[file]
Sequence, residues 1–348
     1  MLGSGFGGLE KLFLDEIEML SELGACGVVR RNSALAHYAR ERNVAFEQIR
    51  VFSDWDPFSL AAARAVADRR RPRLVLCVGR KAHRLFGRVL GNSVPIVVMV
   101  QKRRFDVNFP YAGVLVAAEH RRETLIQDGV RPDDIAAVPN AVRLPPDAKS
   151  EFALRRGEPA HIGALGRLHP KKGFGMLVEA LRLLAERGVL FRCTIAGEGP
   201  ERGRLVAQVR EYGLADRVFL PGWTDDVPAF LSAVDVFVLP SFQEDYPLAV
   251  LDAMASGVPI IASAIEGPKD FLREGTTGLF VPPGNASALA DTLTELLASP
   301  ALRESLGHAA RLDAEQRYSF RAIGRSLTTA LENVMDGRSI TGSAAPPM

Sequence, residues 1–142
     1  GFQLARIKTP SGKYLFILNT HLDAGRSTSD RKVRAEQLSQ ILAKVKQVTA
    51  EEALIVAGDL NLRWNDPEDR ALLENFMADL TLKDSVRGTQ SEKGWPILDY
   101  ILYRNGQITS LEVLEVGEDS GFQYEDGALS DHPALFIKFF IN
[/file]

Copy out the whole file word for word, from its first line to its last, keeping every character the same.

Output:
Sequence, residues 1–348
     1  MLGSGFGGLE KLFLDEIEML SELGACGVVR RNSALAHYAR ERNVAFEQIR
    51  VFSDWDPFSL AAARAVADRR RPRLVLCVGR KAHRLFGRVL GNSVPIVVMV
   101  QKRRFDVNFP YAGVLVAAEH RRETLIQDGV RPDDIAAVPN AVRLPPDAKS
   151  EFALRRGEPA HIGALGRLHP KKGFGMLVEA LRLLAERGVL FRCTIAGEGP
   201  ERGRLVAQVR EYGLADRVFL PGWTDDVPAF LSAVDVFVLP SFQEDYPLAV
   251  LDAMASGVPI IASAIEGPKD FLREGTTGLF VPPGNASALA DTLTELLASP
   301  ALRESLGHAA RLDAEQRYSF RAIGRSLTTA LENVMDGRSI TGSAAPPM

Sequence, residues 1–142
     1  GFQLARIKTP SGKYLFILNT HLDAGRSTSD RKVRAEQLSQ ILAKVKQVTA
    51  EEALIVAGDL NLRWNDPEDR ALLENFMADL TLKDSVRGTQ SEKGWPILDY
   101  ILYRNGQITS LEVLEVGEDS GFQYEDGALS DHPALFIKFF IN